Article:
The Sussex County Farm & Horse Show takes place the first week of August, most years, in Augusta, New Jersey. It's one of the larger fairs in the Northeast, evidently. Jane Brodhecker raises lambs, and though I love me some lamb, it's her candy recipe that makes me go "ooo."
Hot Spicy Candy
"The recipe comes from my Indiana grandmother," says Jane. "We made this candy with our children, and now they make it with theirs. Before Christmas everybody comes to the farm and we make batches together in several flavors. We use red coloring for cinnamon candy, black for anise, and purple for spearmint. Then we mix them and put them in airtight containers for gifts. The procedure sounds complicated, but making this candy is really simple." Flavored oils -- cinnamon, anise, wintergreen and others -- can be found at many pharmacies and sometimes at specialty food shops. Intense fruit flavorings are good, too. Paste coloring agents are sold at bakers' supplies stores and craft shops.

Makes about 4 cups

3 1/4 cups granulated sugar
1 1/2 cups light corn syrup
1 cup water
Paste or liquid pure food coloring
1 dram (scant teaspoon) oil of cinnamon, clove or peppermint, or fruit flavoring
2 pounds confectioners' sugar (see Note

1. Place the sugar, syrup and water in a large saucepan. Bring slowly to the boil, with a candy thermometer attached to the side of the pan. Heat the mixture to exactly 290 degrees. (This will take 15 to 20 minutes.) Higher, the candy sets too hard; short of 290, it won't set up. Remove from the heat and add the desired color. Paste colors are intense; a dab on a toothpick should give a deep color. Be careful with liquid colors -- too much may dilute the candy mixture and impede setting.
2. Stir in the oil flavoring. Stand back! The mixture steams up and releases strong fumes.
3. Have ready 3 jelly roll pans on which you have places a 3/4-inch-thick fluffy layer of confectioners' sugar. With a finger, trace a large spiral trough in each pan.
4. Carefully pour the liquid into the troughs -- the little walls of confectioners' sugar keep it from spreading. When the candy has hardened and is cool enough to touch -- a matter of minutes -- take scissors and snip it into short pieces, or snap off pieces with your fingers. Roll them in the sugar. Sealed in containers, the candy lasts for months.
NOTE: You can reuse the confectioners' sugar. Between candy-making bouts, store the sugar in a self-sealing plastic bag.
...damn, that DOES sound easy! And far less apt to leave you with hard candy that tastes either of butter or vegetable oil, which always happens to me when I try to make lollipops and I have to grease the molds...

I wonder a bit at the order of the steps, and suggest that you make sure you do the prep for step 3 before you get anything else going. At least do it well before you've got a pot of fully molten sugar and oil ready.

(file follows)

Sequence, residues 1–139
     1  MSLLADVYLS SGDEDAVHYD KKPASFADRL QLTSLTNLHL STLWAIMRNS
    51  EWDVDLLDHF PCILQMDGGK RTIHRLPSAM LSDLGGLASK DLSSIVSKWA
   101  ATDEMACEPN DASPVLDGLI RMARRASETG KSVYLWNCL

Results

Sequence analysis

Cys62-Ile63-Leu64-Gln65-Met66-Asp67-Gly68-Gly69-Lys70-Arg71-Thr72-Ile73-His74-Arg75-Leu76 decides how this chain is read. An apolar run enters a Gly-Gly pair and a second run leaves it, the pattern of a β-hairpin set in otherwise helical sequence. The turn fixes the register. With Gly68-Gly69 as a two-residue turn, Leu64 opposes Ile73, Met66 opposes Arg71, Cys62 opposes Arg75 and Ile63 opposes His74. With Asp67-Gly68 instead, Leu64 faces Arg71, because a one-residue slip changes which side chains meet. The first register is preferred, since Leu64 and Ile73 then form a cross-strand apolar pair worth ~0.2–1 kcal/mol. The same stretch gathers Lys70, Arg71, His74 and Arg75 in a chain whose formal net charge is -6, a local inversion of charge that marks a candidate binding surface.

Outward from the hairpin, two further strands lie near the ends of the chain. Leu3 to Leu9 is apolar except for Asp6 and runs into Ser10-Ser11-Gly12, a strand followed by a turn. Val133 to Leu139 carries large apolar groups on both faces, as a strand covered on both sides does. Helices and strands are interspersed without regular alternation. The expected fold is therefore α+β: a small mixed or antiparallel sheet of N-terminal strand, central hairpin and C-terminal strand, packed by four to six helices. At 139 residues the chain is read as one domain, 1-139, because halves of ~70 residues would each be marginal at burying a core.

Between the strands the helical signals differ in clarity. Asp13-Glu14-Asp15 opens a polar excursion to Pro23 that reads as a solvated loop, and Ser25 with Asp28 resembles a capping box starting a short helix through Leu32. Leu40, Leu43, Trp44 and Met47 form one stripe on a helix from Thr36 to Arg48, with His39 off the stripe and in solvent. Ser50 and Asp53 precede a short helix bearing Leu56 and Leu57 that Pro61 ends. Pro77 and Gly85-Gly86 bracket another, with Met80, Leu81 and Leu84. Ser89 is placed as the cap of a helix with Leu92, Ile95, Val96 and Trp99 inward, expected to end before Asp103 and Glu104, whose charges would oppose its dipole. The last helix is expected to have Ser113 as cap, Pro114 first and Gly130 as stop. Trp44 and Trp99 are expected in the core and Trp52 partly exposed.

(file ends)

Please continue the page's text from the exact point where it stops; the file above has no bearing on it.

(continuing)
I love old fashioned candy flavors. When I was in Salem, Massachusetts, I practically ran to Ye Olde Pepper Candy Companie to stock up on anise and clove candies. I'll admit: most people I know don't care for anise or clove candy. Poor souls! The spiciness combines with the sweet? Delightful! So much more interesting than sweet-on-sweet. Then again, I also love licorice (especially salted licorice), and absinthe, so I may just be a weirdo. And fennel! Love fennel.

After my buttered lollies failures, I'd pretty much sworn off hard candy making. The sugar trough method may bring me back from my candy land exile.

Wednesday, September 2, 2009

You Knew It Had To Happen: Midwest Spam Salad

At this point, none of you will be surprised to hear that when I saw this recipe in The County Fair Cookbook, I simply had to post it. C'mon... it's got both Miracle Whip and Spam. SPAM!!! I love Spam with an unholy passion. It's trashy as all get out, but it's so darned tasty.

This recipe comes to us from the Stephenson County Fair, which is held every July -- so you're out of luck for this year.
Midwest Spam Salad
Rosann DeVoe entered her dish in the Stephenson County Fair SPAM contest in Illinois.

Makes 12 servings

1 cup salad dressing (such as Miracle Whip)
1 tablespoon prepared mustard
3 tablespoons sugar
1/4 teaspoon pepper
2 1/2 pounds frozen green peas, thawed and drained
1 cup diced mild cheddar cheese
1/2 cup chopped bread and butter pickles
1/2 cup finely chopped onion
3 hard-boiled eggs, chopped
1 (12-ounce) can low-salt SPAM, diced
Lettuce leaves, if desired

• In a large bowl, combine the dressing, mustard, sugar and pepper. Add the peas, cheese, pickles and onion. Toss gently to mix. Add the eggs and SPAM and stir to combine. Cover and refrigerate until chilled, at least 2 hours. Serve on lettuce leaves if desired.
It's so darned hard to type without including serial commas. Serial commas are good! Serial commas make sense! Serial commas are not to be found in this cookbook.